Chili Verde

Chili Verde
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Nutritional Info
  • Servings Per Recipe: 16
  • Amount Per Serving
  • Calories: 157.3
  • Total Fat: 5.8 g
  • Cholesterol: 44.8 mg
  • Sodium: 415.1 mg
  • Total Carbs: 8.1 g
  • Dietary Fiber: 2.9 g
  • Protein: 17.9 g

View full nutritional breakdown of Chili Verde calories by ingredient
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Number of Servings: 16


    2lb Pork loin roast

    1tbs Olive oil

    1/2 tsp salt

    1/4 tsp fresh ground black pepper

    1/2 tsp chili powder

    1/2 tsp ground cumin

    1/2 tsp onion powder

    1/2 tsp garlic powder

    1/2 tsp cayenne pepper

    5 cloves minced garlic

    2 diced large white onions

    2 diced red bell peppers

    2 diced green bell peppers

    2 24oz cans diced tomatoes, drained of as much juice as possible. (pick ones you really like, because itís an important flavor) Keep the tomato juice handy, as you may use that towards the end if itís too thick.

    1 24oz can of diced mild green chilis (you can use jalapeŮos instead, but I prefer less heat)


Preheat oven to 450. Mix olive oil, salt, black pepper, chili powder, cumin, onion powder, garlic powder, and cayenne pepper together in a small bowl. Place the pork roast, fat side down, on grill rack. If you donít have a grill rack, you can coil tinfoil (rip off sheets of the tinfoil, fold repeatedly until thin, and then roll into coils. place these one a regular cookie sheet and set the pork on top of the coils). Rub your spice mix over the entire pork roast, using entire bowl of rub. This is the spice for the chile verde as well, so you want to lose as little as possible.

Place the pork in the 450 oven and set a timer for 10 minutes. When the timer goes off, reset the heat to 250, and continue cooking the roast until a meat thermometer reads 150 (approximately 40 to 50 minutes, depending on the size of your roast). Once your pork reaches 150, pull it out and place the roast onto a cutting board. Cover the entire cutting board with tinfoil to allow the heat to stay inside. The temperature of the pork will continue to increase another 10 degrees or so.

While the pork is cooking, cut up all your veggies. Iíve found the easiest way to do it all is into one large bowl and then dump the bowl into the pot. The best way to cut your bell peppers, so you lose as little of the pepper as possible, is to follow these easy steps. First, cut the top off, about an inch from the stem. Second, cut the bottom off. You can now rip the insides out easily, choosing to either use or discard the seeds. The seeds are not hot, and I enjoy the look and texture of them, so I keep them in. The last step is to pop the stem out of the top piece. This should have allowed you to keep the entire bell pepper, only throwing away the membrane from inside and the inedible stem. With the onions, Itís easiest to cut the top off (the part without the roots attached), then cut the onion down the middle (cutting the roots in half). The root will hold your onion together while you cut it, so itís not falling apart on you.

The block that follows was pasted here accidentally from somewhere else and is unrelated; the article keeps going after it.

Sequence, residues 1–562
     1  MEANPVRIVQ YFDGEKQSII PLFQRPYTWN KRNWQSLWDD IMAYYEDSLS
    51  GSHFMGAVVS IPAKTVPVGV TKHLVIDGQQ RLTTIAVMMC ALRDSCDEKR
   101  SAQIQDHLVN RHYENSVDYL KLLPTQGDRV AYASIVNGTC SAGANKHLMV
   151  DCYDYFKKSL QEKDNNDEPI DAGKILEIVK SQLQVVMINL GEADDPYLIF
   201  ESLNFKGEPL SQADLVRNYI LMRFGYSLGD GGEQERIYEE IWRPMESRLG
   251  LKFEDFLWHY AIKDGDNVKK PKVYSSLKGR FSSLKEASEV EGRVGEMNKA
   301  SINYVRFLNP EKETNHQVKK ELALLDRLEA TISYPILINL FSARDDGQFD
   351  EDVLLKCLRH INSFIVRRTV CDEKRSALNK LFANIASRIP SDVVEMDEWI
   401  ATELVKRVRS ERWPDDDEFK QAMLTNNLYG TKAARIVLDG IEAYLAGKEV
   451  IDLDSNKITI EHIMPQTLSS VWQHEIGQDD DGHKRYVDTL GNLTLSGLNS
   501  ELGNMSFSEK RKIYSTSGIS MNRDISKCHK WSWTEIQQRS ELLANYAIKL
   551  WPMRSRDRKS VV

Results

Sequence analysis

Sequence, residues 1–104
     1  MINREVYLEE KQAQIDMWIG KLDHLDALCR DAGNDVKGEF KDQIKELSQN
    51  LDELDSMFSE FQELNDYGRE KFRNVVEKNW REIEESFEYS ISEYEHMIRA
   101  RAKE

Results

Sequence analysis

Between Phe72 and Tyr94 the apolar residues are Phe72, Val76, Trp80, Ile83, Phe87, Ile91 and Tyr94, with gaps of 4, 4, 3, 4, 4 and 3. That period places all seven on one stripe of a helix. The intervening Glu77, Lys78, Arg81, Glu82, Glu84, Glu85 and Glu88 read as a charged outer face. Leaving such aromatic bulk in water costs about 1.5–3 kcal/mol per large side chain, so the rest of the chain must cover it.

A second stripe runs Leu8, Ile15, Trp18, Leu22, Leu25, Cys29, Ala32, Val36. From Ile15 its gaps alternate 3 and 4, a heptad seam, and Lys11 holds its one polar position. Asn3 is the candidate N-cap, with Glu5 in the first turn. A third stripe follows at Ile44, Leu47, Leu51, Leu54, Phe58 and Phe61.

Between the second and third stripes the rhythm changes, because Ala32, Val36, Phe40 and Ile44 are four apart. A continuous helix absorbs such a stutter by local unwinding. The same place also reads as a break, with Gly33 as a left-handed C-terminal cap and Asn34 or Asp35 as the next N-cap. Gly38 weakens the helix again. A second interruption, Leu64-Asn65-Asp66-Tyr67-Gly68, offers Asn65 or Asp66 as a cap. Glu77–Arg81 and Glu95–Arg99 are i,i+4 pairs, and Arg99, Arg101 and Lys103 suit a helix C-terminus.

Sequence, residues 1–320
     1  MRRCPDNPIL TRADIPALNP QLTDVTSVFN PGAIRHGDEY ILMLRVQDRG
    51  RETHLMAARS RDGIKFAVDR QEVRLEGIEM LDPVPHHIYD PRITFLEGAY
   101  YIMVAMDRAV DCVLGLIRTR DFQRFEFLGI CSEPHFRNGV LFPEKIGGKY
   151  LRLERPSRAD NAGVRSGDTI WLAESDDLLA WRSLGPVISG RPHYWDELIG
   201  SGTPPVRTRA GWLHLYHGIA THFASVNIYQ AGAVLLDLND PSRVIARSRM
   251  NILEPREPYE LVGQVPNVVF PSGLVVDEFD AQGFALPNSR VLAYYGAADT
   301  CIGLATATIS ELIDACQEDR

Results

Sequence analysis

Once all your veggies are chopped, open your cans of tomatoes and chilis. Throw everything in the pot and set it to medium to bring the heat up. At this point, I throw in about a tbs of crushed red pepper flakes, for heat. Iím not a HUGE fan of spicy food, but with this many vegetables, itís really not hot at all. Experiment with it, starting out small, and youíll find your balance. Itís completely fine to add them throughout the cooking process, so keep tasting to see if it needs more.

By now, your pork has rested, the juices have re-distributed, and youíre ready to cut that baby open. I like my pork to be the same size as my veggies, so everything is even. My mom always made the pork pieces larger and thatís fine too. I just hated it when you got the end of your burrito or whatever and there was no pork left. So, cut your pork into medallions, and then dice those into whatever size pieces you think will work best for you. At this point itís okay to throw it in the pot, even though it has to cook a while. You wonít end up with tough pork because of the long simmer time. The pork will toughen, and then it will begin to break down and become very very tender.